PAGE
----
Victorian election: a narrow gate could yet open for Guy

The odds are that Labor will win the Victorian election, but there is a narrow gate through which the Liberal Nationals could pass to government. It could also swing open for the Greens, giving them a cross-bench veto.

According to the results of our online virtual focus group of 100 Victorian voters, Labor and Greens voters are fairly happy with the Andrews government, and Liberal voters are only moderately happy with the Guy opposition.

This puts the government in poll position, but it doesn’t mean that there is a consensus on what the government ought to be doing.

On the left climate change, and social services are important, while on the right it is crime and political correctness. Both sides share a concern for sustainable development, a high profile issue in Australia’s fastest growing metropolis, and this manifests in more public transport on one side, and better roads on the other.

The result of this split is that 49% of participants thought the state was heading in the right direction, while 42% disagreed, with the balance sitting on the fence. Again, this is a relatively strong position for the government which also has an advantage in leadership. Daniel Andrews has a so-so approval rating of -1% (44% are favourable and 45% unfavourable), but Guy’s is -24% (28% favourable and 52% unfavourable).

Drilling down on those figures, 83% of ALP voters approve of Andrews (including 44% who strongly approve). For Guy only 57% of Liberal voters approve, and only 8% of those approve strongly. The Andrews tribe is united, the Guy tribe troubled.

Head to head 55% prefer Andrews as premier to 45% who prefer Guy, which is more or less the two-party preferred margin, so Labor gets a only a small percentage edge from the personality battle.

Ethical issues affect both leaders.

Labor has its “Red Shirts” scandal, where campaigners were hired as electorate staff, in a fraud on public finances. Now the premier is instructing his members not to cooperate with investigators. This plays into the opposition’s law and order campaign.

Liberals have Matthew Guy’s past performance as planning minister where he massively increased allowable development densities on the Fishermens Bend land on the CBD fringe, enriching a number of developers, some of whom are Liberal Party donors. He was also embroiled in a rezoning scandal on Phillip Island which cost the public $2.5 million.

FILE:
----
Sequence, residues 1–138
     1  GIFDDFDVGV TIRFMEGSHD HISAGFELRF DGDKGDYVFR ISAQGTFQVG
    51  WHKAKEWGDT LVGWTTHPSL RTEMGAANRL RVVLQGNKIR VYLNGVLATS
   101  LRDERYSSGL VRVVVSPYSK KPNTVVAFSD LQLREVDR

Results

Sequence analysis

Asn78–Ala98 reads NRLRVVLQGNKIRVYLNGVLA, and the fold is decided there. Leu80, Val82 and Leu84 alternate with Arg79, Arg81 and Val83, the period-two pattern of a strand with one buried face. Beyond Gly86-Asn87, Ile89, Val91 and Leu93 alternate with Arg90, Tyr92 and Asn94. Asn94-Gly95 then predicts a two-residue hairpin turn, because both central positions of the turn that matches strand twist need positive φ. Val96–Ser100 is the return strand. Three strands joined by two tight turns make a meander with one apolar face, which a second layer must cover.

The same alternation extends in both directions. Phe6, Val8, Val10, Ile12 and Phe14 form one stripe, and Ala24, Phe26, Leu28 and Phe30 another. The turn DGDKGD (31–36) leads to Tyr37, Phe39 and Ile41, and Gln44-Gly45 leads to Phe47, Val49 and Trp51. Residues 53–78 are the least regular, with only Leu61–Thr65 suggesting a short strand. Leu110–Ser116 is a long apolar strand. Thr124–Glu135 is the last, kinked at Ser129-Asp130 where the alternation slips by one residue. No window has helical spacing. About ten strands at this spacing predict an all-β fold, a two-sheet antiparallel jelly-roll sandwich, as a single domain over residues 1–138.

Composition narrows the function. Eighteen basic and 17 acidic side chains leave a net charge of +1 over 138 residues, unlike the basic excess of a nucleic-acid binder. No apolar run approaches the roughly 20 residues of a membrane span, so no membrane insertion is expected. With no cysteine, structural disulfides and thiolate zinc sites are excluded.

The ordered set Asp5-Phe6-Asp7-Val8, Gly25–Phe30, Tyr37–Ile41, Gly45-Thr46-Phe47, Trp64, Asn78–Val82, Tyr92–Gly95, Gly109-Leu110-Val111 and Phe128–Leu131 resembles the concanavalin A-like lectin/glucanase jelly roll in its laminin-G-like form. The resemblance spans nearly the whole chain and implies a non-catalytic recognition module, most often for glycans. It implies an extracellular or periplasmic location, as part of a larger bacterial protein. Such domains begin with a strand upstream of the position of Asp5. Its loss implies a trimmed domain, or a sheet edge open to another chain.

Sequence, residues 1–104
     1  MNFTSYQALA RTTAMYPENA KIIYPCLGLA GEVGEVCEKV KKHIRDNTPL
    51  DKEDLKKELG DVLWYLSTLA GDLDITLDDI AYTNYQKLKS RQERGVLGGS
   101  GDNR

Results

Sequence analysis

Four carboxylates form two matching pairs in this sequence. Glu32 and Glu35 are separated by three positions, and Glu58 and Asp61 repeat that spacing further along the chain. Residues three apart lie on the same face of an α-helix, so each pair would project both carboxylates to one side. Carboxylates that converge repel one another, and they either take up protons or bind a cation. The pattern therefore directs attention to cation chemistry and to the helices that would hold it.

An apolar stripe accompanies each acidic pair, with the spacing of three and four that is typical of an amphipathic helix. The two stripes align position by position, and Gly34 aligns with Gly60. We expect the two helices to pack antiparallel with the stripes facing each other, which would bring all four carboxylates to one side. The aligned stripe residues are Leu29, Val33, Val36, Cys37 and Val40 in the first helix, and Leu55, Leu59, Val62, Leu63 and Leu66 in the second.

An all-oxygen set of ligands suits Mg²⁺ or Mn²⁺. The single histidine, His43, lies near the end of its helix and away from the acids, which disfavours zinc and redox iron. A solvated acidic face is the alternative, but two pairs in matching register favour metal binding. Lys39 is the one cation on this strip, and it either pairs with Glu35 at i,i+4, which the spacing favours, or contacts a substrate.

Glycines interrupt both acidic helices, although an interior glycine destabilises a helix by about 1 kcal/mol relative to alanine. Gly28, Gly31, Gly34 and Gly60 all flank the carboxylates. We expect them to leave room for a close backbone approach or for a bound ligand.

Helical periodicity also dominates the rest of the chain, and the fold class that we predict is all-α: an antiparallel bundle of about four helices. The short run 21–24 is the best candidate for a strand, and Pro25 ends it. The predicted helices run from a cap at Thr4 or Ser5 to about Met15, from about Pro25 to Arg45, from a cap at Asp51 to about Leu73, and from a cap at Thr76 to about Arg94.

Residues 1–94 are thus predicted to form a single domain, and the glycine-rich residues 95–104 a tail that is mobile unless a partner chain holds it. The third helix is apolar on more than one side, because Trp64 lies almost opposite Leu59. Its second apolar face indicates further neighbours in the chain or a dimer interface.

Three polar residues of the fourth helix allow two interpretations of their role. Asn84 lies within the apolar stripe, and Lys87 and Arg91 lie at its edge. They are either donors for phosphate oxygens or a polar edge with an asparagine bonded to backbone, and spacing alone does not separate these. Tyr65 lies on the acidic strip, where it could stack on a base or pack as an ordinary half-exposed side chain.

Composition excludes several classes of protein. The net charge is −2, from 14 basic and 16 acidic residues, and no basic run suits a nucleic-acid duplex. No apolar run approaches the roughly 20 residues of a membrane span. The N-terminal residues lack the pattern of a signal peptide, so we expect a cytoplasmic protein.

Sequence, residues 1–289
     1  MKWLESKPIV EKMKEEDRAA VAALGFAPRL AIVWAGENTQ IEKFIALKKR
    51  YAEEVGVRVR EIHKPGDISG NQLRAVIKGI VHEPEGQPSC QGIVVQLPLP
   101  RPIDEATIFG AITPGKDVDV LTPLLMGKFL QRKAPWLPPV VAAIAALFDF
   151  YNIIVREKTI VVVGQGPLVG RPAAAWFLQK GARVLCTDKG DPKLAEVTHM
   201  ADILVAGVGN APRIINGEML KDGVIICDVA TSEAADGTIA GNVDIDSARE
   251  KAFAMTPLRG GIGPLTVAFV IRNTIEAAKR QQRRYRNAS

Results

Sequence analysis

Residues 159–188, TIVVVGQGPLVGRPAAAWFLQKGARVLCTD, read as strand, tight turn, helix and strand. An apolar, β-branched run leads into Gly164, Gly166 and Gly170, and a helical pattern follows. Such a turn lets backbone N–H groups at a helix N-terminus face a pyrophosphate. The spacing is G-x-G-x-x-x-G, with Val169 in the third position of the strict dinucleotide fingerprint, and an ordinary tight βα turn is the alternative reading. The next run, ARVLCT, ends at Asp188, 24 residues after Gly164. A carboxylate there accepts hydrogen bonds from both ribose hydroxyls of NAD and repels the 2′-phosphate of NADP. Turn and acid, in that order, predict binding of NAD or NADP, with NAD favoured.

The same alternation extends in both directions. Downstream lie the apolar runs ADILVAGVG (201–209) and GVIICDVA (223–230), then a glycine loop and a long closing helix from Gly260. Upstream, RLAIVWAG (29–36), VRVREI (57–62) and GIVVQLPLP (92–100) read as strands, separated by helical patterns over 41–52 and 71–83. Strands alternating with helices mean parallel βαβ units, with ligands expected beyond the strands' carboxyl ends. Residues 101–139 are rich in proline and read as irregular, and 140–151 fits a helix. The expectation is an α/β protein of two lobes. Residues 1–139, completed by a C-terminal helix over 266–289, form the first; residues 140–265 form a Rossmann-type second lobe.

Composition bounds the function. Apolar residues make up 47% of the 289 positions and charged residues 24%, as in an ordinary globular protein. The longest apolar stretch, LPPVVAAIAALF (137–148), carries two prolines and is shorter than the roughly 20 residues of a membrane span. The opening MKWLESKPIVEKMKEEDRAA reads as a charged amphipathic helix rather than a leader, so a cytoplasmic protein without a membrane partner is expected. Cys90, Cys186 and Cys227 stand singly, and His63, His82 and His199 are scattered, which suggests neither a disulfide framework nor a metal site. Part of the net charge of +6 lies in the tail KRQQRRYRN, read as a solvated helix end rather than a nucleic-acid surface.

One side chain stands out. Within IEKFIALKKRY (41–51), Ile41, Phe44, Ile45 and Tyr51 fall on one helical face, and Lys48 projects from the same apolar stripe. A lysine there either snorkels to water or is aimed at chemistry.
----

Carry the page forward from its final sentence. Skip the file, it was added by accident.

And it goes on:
This plays into concerns about bribery and corruption and over-development.

That both sides have ethics problems will tend to neutralise honesty as a vote decider, but this is countered by the fact that 72% of voters expect the Daniels government to be returned.

This means that in a lot of minds the choice isn’t between two potential dishonest premiers, but between a dishonest almost-certain premier, and a dishonest probable opposition leader.

So Andrews’ ethical laxity is more dangerous to Labor than Guy’s is to the Libs, because Andrews is more likely to be in a position of power, where it matters.

This is even more likely because only 50% of voters wants Labor to win or think it deserves to win (versus 46% who think the Liberal Nationals deserve to win).

This is where the narrow gate for both the Liberals and Greens appears.

Labor has more seats at risk on slimmer margins than the Liberals, so is more vulnerable to a protest vote, which is more likely when the incumbent appears set to win, but has some negatives and doesn’t appear to be trying too hard.

Law and order and cultural issues are likely to alienate some traditional Labor and swinging voters in the outer suburban ring. This is where the nationalists, who are the heartland of conservative politics, live, and where the election is likely to be won. Labor’s pitch to them is the Suburban Loop train project, which will arrive by 2050. The Liberals are promising better road networks, which will arrive sooner, and are culturally aligned, which is probably more important.

Wanting Labor to move further left is likely to be a driver in the inner suburban ring where the cosmopolitans live. This is where power may shift to the Greens who are bidding 100% renewable electricity by 2030, bans on pokies, and cessation of native timber logging, funded by taxes on banks and property developers.

A strongly negative campaign against Labor by Greens and Liberals would be mutually reinforcing, and peel votes off left and right, from voters who are sure neither of them will be the government.

Labor is no doubt aware of these tactical weaknesses and is likely to spend the last week talking up the dangers of a hung parliament or a change of government.

The fates of governments hang on such foibles of public opinion. Jeff Kennett, John Brumby and Denis Napthine all fell victim to some iteration of the protest vote.